Although I’m now in my early twenties, my teenage years seem like just yesterday. Even though that time of my life doesn’t seem at all removed from who I am now, there are parts that I’m glad I’ve outgrown. One of those parts is the frequent bickering with my Mum.
Mum and I are so similar it’s as though we’re twin sisters and not mother and daughter sometimes.
Our similarities mean that our house is filled with double the amount of fiery, stubborn and argumentative character.
I’m an only child, and it’s just Mum and me in our little home, so we struggled when I was younger—me with learning to grow into an adult that does stuff for myself, and Mum with letting go of the childhood of her only child.
My parents split when I was eight years old and Mum single-handedly raised me—something that only now, as I venture into my own adulthood, can I fully appreciate. I became an angry child, craving my Dad’s attention and taking my feelings out on my Mum, completely unaware that she also was suffering heartbreak.
Things only got worse in my teenage years. I was never interested in drugs or alcohol, and I came home at a reasonable hour and did really well in school—but oh, how we argued. The mother-daughter arguments were a constant. Whether it was my dishes in the sink or being late to leave the house in the morning, each day, without fail, there was a row, and each day Mum swore she wouldn’t take me to school the next if I couldn’t be on time, or that she wouldn’t cook my dinner if I couldn’t wash up. But she still did.
When my first boyfriend came to stay and Mum insisted he sleep in the spare room, I protested and built a den with him in the living room. Looking back, I can’t believe she kept coping with such a defiant daughter.
I can’t count the times we slammed doors in each other’s faces or sobbed ourselves to sleep post-argument, but I know that it’s not nearly as many times as we’ve told each other “I love you.”
I don’t love anybody more in this world, but I deeply craved my own identity and wanted so badly to be respected.
When I got into university, we seemed to argue less. I chose to live at home—and not because of free rent or an easy life, but because I couldn’t bear to be away from Mum. At the time I wondered if I’d made the right choice. Living together as a young adult and parent can have a confusing dynamic. Where does childhood end?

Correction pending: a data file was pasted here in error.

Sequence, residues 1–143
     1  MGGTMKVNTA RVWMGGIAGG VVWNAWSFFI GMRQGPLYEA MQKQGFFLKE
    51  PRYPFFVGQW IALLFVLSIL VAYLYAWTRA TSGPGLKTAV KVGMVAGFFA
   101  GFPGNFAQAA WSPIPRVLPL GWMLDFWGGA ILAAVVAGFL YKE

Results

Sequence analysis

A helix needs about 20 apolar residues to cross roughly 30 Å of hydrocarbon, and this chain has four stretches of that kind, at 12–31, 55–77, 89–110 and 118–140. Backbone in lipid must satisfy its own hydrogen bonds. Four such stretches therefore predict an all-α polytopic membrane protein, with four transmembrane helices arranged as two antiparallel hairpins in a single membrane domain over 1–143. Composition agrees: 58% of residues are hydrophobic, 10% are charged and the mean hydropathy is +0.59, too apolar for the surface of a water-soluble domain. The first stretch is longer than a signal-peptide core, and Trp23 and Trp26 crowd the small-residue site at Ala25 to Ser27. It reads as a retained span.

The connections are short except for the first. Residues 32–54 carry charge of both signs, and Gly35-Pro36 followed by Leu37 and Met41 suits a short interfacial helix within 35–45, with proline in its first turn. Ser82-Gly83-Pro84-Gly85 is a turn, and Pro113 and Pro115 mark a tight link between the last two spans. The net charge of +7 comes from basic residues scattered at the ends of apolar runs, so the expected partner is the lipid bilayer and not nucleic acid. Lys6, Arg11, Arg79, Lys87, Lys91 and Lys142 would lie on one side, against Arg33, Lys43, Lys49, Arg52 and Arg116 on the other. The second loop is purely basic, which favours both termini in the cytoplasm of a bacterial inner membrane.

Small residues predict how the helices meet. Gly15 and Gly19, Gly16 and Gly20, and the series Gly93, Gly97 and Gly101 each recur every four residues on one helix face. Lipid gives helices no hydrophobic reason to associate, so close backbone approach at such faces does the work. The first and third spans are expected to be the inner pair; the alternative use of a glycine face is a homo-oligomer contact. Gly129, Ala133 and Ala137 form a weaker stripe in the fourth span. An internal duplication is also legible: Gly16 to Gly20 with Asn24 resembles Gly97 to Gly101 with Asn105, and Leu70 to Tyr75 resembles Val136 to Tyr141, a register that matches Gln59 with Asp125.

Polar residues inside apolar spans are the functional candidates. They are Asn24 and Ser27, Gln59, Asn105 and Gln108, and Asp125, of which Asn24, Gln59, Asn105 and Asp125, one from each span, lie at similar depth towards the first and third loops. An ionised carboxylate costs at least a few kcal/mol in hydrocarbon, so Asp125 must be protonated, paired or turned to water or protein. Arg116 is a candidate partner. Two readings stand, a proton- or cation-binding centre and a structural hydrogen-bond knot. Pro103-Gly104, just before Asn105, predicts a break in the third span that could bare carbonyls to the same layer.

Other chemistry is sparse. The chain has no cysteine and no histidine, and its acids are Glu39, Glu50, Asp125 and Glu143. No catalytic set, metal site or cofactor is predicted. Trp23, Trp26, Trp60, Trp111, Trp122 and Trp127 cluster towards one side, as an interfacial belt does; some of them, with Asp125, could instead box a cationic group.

We continued to argue about things like the use of my phone, cleaning my room, and when I would finally be allowed to get a dog. We fell into a vicious circle because I didn’t know how to stop being a child when Mum was still treating me like one. In fact, I often shouted at her, “If you’re going to say I’m acting like a child, then I may as well act like one!”
Eventually, something clicked and we realized what we were doing.
It became clear that the reason we fought over such silly things was because of how much we loved each other. I would never care about anybody else not liking my outfit for a night out or my new interior design choice like I would Mum, and she would never stop trying to make sure my life was as happy, healthy and perfect as she always dreamed for her only child. Even more than that, there was a residual fear of being abandoned by Mum like I had by Dad, and Mum wanted to bubble wrap me from anything bad happening to me.
Once we understood that we were fighting because of how much we craved each other’s understanding and agreement, we became able to discuss our concerns with compassion. Fights are now resolved pretty quickly, and usually end with one of us begging for a hug and repeating how sorry we are.
I understand now that all those lessons from my mother, about money-saving, cleaning, and even how important it is to be reliable to those around me, were more valuable than any I’d paid for at university. She knows me better than I know myself, and she guided me through every stage of my life. I see now that everything happened just as it should.